With New Faculty, Expanded Course Offerings and Record Enrollment, Major Flourishes
When Riva Tropp first enrolled at Stern College for Women, she already knew her passion for creative writing would make her a natural English major. She enrolled in an introductory computer science class, taught by Professor Alan Broder, to fulfill a requirement, and because she was curious. That’s when everything started to change.
“I loved it so much that I signed up for another class—and another one after that,” she said. “Computer science is a wonderful major and a great field. People think it’s all about computers, but it’s really about learning languages, learning logic, and using those to do whatever you want. Even if you major in something else, it’s worthwhile to know a little.”
At Stern, the computer science major is stronger than ever, according to Broder, who chairs the department. With expanded course offerings, record enrollment, and budding extracurricular programs, it’s a booming area of interest for students. “They are also hearing great stories from their friends who have gotten robust attention and job offers even just with a minor, because the job market for computer science is so strong and women have typically been underrepresented,” said Broder.
That’s certainly been true for Tropp, who graduated this winter with a dual degree in computer science and creative writing. She’s currently taking advanced classes at Columbia University towards her master’s degree in the field and will begin Google’s Engineering Residency Program in July, where she’ll receive training and rotate between two teams.
“The teachers at Stern are great—Professor Broder’s Data Structures and Algorithms class was really comprehensive and is helping me in my classes at Columbia as well,” said Tropp. “Linux Programming for Data Analysis was also amazing; not many universities teach those skills, but they’re invaluable in a programming environment. The teachers know you and are genuinely invested in your success, which is hard to find anywhere.”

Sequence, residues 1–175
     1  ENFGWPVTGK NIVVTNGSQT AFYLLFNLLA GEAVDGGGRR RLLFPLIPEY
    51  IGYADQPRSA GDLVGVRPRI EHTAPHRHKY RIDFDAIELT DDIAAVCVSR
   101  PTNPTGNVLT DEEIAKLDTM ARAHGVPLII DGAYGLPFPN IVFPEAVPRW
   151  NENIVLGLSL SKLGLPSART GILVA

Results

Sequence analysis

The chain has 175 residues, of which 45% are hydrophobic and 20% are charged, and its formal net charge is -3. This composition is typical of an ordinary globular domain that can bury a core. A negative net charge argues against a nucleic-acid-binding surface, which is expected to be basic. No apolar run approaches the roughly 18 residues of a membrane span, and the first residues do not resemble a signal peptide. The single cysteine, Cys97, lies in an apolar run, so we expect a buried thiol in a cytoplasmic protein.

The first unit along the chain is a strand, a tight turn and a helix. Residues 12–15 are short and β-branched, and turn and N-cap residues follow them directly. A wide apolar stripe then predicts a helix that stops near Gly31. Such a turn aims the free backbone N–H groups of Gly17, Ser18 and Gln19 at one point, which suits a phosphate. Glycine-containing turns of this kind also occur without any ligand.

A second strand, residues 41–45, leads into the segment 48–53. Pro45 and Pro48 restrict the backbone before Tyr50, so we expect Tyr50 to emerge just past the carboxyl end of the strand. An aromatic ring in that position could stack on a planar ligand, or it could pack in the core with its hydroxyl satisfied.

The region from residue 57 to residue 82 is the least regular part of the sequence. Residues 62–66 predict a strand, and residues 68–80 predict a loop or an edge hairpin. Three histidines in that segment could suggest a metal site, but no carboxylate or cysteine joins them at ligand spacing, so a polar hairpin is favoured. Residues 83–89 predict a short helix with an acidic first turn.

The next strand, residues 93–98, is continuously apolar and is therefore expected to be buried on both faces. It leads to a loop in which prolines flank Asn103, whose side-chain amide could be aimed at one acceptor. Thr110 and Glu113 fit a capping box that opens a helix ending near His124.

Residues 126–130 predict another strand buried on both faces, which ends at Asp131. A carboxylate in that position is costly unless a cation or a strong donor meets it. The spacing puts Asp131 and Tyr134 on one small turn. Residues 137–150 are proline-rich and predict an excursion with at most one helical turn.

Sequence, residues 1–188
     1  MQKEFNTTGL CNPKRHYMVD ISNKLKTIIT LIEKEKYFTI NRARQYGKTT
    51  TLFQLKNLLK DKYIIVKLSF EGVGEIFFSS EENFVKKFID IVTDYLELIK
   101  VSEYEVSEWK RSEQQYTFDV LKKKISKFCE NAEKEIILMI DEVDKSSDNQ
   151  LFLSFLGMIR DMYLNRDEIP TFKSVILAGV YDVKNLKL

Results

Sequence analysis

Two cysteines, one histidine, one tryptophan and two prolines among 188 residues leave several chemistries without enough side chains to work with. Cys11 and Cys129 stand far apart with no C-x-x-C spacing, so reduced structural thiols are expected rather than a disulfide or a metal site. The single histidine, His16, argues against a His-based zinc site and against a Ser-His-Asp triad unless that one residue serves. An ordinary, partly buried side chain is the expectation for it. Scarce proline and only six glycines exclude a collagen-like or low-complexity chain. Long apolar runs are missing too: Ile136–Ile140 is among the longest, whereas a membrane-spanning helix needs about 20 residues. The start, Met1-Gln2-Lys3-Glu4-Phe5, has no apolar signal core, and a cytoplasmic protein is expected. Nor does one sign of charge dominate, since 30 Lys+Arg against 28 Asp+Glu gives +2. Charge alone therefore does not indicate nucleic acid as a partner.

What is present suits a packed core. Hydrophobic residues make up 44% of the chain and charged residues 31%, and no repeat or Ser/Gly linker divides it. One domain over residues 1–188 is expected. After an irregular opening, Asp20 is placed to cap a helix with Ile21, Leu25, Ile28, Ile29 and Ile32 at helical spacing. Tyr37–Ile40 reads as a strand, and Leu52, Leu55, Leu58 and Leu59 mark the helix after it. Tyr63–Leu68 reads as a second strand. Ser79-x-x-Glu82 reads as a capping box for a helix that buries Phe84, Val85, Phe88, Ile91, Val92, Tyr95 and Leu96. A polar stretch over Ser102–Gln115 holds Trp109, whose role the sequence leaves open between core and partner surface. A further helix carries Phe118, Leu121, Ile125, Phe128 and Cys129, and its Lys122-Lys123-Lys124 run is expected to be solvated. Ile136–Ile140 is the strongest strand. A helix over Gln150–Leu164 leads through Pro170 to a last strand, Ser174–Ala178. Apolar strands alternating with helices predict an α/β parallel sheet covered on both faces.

The major has also been bolstered by the addition of new faculty member Rabbi Dr. Joshua Waxman ’98YUHS, ’00YC, ’06R—although for Waxman, an alum of many YU schools, his return to the University is practically a homecoming. The son of a professor of computer science himself, Waxman fell in love with programming early, coding computer games in the languages Pascal and C by the time he was 10.
Since graduating from Yeshiva College with a degree in computer science (as well as obtaining ordination from YU’s Rabbi Isaac Elchanan Theological Seminary and his doctorate in computer science from the Graduate Center of the City University of New York), Waxman has garnered a wide range of experience in the programming world, working on everything from device drivers for military and commercial airplane network simulators in Israel to developing bespoke systems for private businesses. Most recently, he was part of a rapid solutions team at UBS, quickly writing software to meet the needs of risk managers and traders.
This semester, Waxman will be teaching Object Oriented Software Design, a programming course that will study Java and various design patterns, and Programming Languages, which focuses on several programming languages, their features and their implementations, including a few useful modern languages, such as R, Scala, Go and VBA.
“I’m a big believer in Torah Umaddah,” said Waxman. “Yeshiva University is my alma mater a few times over, and the academic environment for teaching and research at Stern seems perfect. I believe that we can leverage Computational Linguistics to analyze and gain deeper insights into Torah texts; this is an application of Torah Umaddah I would like to explore while at Stern.”